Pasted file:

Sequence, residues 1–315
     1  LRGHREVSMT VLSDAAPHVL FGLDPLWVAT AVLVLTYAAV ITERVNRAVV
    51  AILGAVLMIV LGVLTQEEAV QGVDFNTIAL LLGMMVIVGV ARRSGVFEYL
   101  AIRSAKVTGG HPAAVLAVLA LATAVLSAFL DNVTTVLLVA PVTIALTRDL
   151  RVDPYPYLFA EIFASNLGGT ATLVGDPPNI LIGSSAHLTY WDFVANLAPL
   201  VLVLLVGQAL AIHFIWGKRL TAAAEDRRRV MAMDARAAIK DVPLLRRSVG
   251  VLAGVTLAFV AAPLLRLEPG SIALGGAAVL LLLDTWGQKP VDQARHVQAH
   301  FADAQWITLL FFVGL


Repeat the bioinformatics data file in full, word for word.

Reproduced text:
Sequence, residues 1–315
     1  LRGHREVSMT VLSDAAPHVL FGLDPLWVAT AVLVLTYAAV ITERVNRAVV
    51  AILGAVLMIV LGVLTQEEAV QGVDFNTIAL LLGMMVIVGV ARRSGVFEYL
   101  AIRSAKVTGG HPAAVLAVLA LATAVLSAFL DNVTTVLLVA PVTIALTRDL
   151  RVDPYPYLFA EIFASNLGGT ATLVGDPPNI LIGSSAHLTY WDFVANLAPL
   201  VLVLLVGQAL AIHFIWGKRL TAAAEDRRRV MAMDARAAIK DVPLLRRSVG
   251  VLAGVTLAFV AAPLLRLEPG SIALGGAAVL LLLDTWGQKP VDQARHVQAH
   301  FADAQWITLL FFVGL